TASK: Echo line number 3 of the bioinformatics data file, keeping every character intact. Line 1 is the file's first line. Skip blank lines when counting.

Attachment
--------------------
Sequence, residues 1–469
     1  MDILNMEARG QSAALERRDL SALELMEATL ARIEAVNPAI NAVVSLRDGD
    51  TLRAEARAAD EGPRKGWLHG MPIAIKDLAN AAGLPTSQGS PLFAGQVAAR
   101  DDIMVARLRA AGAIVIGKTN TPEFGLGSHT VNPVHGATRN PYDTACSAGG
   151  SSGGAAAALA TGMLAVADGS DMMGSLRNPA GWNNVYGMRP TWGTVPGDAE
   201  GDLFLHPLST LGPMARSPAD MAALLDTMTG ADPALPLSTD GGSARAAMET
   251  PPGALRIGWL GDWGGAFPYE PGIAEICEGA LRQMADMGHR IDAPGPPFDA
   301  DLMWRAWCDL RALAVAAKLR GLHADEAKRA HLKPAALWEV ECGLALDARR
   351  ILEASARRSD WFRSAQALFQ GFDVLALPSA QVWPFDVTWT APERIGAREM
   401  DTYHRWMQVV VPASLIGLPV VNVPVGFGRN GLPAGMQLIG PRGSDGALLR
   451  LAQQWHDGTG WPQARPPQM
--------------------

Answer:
    51  TLRAEARAAD EGPRKGWLHG MPIAIKDLAN AAGLPTSQGS PLFAGQVAAR